Things have been tweaked a bit here as well. While the Sony WH-1000XM4 continuous to use the HD Noise Cancelling Processor QN1, just like its predecessor and also the absolutely brilliant Sony WF-1000XM3 wireless earbuds, there is a change on the Bluetooth front. The WH-1000XM4 uses a new Bluetooth Audio SoC that has more processing power and uses the updated algorithms for noise cancellation—Sony says this makes calculation as many as 700 times per second for digital signal processing and understanding the ambient noise. At the same time, the Sony WH-1000XM4 uses the same powerful 40mm audio drivers in each ear. There seem to be very subtle changes to the tuning, and this is the most neutral sounding Sony cans I have heard in a long time. That is great news for versatility, for the soundstage and for the detailing.

That simply means the sound that you get is nothing short of what can be defined as absolutely fantastic. Factor in the further improvements the new Bluetooth SoC potentially brings, the new algorithms that the HD Noise Cancelling Processor QN1 brings and the wider gamut of noise cancellation features, and your audio experience will be nothing short of pristine. As you slide into Over Now by Calvin Harris and The Weeknd, you’ll understand how the Sony WH-1000XM4 has really upped the sound game, even over its predecessor, which sometimes struggled to detail very few frequencies. Switch over to trance music, the genre I really listen to, and it is absolutely delightful how the Sony WH-1000XM4 immerse you. Belief Without Sight by Dennis Kenzo and Sarah Lynn or Born To Love by Alexander Popov have never sounded this good. That being said, the Sennheiser Momentum 3 Wireless do get incredibly close in terms of the sound quality, with the very familiar neutral Sennheiser sound signature as the foundation to build on.

Switch gears to some Netflix, Amazon Prime Video and Quibi streaming, and the delivery of dialogues isn’t at all hampered by the fact that the Sony WH-1000XM4 are tuned brilliantly for music. It turns out, they are tuned just as well for something that involves a lot of spoken word too. You wouldn’t want to trade the Sony WH-1000XM4 for any other headphones, and rightly so too.

A lot of the brilliance must be attributed to the Sony HD Noise Cancelling Processor QN1e—this chip handles the digital noise cancellation algorithms, the 24bit audio signal processing and the digital to analogue conversion with amplification duties. The Sony WH-1000XM4 also supports the Digital Sound Enhancement Engine HX (DSEE HX) feature which uses the prowess of this hardware chip to upscale audio files to improve their resolution and bring them closer to the High-Resolution Audio without the content being originally High Res ready. This option is turned off by default in the Sony Headphones Connect app (free for Android and iOS) but I would recommend you turn this on, because it genuinely makes a very audible difference, for the better, with pretty much every music service you may be using. Including Apple Music as well as Spotify.

The new Bluetooth SoC also means that the Sony WH-1000XM4 solves its predecessor’s one limitation—this can now pair with two devices at the same time.

Noise cancellation in the Sony WH-1000XM4 really has taken the next step, not just in terms of how well it isolates you but also the feature set around it. You can tweak noise cancellation according to your preference, Ambient Sound Control and Atmospheric-Pressure Optimization. In the Sony Headphone Connect app, you will notice a noise cancellation slider which lets you change the intensity of isolation depending on how noisy your environment is. These detailed options are part of the new Sense Engine, something we experienced with the WF-1000XM3 wireless earbuds as well. For instance, there is the Adaptive Sound Control, which based on what you are doing at the time and your location, changes the sound mode of the earphones—traveling, walking etc. When you switch on the Sony WH-1000XM4, you will hear a beep after a few seconds—that is the headphone notifying you that its identified your movement status (it is mostly sitting in my case!) and altered the noise cancellation accordingly. There is the Quick Attention mode which lets you hear someone who may have come to have a chat with you or pay attention to any announcements around you, for instance.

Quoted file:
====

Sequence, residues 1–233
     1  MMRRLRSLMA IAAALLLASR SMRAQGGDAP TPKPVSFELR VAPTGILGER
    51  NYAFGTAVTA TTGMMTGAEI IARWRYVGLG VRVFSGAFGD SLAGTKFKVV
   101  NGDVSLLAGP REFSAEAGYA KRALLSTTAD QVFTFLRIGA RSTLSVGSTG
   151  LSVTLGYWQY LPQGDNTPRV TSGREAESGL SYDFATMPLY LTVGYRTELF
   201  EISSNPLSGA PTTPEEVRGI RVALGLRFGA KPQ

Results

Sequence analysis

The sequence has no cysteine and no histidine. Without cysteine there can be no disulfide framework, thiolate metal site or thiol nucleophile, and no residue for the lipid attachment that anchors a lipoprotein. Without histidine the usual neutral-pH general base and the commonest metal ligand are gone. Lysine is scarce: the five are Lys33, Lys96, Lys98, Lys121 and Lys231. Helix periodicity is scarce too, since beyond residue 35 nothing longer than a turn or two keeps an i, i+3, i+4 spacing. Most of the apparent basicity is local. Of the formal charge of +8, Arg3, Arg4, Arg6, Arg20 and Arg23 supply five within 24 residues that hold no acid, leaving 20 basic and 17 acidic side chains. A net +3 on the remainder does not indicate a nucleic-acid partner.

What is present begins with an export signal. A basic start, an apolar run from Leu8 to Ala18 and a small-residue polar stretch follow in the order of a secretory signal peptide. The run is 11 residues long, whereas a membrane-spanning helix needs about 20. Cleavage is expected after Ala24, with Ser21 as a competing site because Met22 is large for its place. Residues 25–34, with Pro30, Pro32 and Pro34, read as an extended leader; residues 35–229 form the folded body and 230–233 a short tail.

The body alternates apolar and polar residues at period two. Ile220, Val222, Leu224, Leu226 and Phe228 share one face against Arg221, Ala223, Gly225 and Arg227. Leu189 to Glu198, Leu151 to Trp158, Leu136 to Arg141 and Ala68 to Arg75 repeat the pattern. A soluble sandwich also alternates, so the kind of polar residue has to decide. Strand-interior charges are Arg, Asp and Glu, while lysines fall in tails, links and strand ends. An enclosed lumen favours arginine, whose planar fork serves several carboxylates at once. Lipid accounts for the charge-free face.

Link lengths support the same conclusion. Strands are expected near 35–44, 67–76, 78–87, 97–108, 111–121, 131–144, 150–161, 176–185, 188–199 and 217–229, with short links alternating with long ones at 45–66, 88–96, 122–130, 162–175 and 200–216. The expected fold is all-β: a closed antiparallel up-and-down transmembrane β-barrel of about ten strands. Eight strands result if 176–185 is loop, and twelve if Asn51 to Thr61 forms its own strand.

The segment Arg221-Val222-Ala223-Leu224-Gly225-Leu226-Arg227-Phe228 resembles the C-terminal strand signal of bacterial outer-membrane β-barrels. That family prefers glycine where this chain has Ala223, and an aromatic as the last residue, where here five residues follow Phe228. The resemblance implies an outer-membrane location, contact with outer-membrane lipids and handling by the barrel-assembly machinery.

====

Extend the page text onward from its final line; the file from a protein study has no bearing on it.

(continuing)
You Really Won’t Need To Worry About The Charger With This One

The Sony WH-1000XM4 are just the headphones that you probably want, in case you absolutely dislike plugging in gadgets and accessories with bad battery life again and again for charging. With noise cancellation active and depending on the intensity of NC you have set in the app, the WH-1000XM4 will last you around 30 hours on a single charge. There is the quick charge option as well, where a 10-minute splash and dash of the battery is good for 5 hours of music playback.

The Last Word: An Incremental Update That Resets The Benchmarks

To be honest, I wouldn’t have wanted to be in the shoes of Sony’s engineers and product developers, as they set about trying to improve on the already excellent Sony WH-1000XM3. One shouldn’t begrudge the two years it took for the Sony WH-1000XM4 to come along, purely because following up on brilliance with even more brilliance, takes time. The WH-1000XM4 is an incremental step up from the predecessor, and in all honesty, that is just what it needed to be. More powerful and versatile noise cancellation, robust battery life, even improved sound and tweaks to make the build more comfortable are all changes that again reset the benchmarks for the rivals.

As for the Sennheiser Momentum 3 Wireless, it does match the Sony WH-1000XM4 every bit of the way as far as the brilliance of the sound is concerned. For most users, that is what will matter through and through—and it’ll be a tough decision to pick between the two purely based on sound. It also has a very likeable personality, and feels great with the mix of leather and metal interacting with your hand every time you touch it. That being said, Sony has pushed the envelope as far as location based features and the versatile noise cancellation is concerned. And Sony also has the advantage with the WH-1000XM4’s battery life of around 30 hours, which is significantly higher than the Momentum 3 Wireless’ 17 hour mark.

If the last 24 months or so are anything to go by, the Sony WH-1000XM4 may very well remain unchallenged, for a while at least.

Have You Also Read?

Sennheiser Momentum 3 Wireless Review: The Premium Headphones Rich Folks Would Love to Buy

Sony WF-1000XM3 Review: You Will Not Find Better Noise Cancelling Wireless Earbuds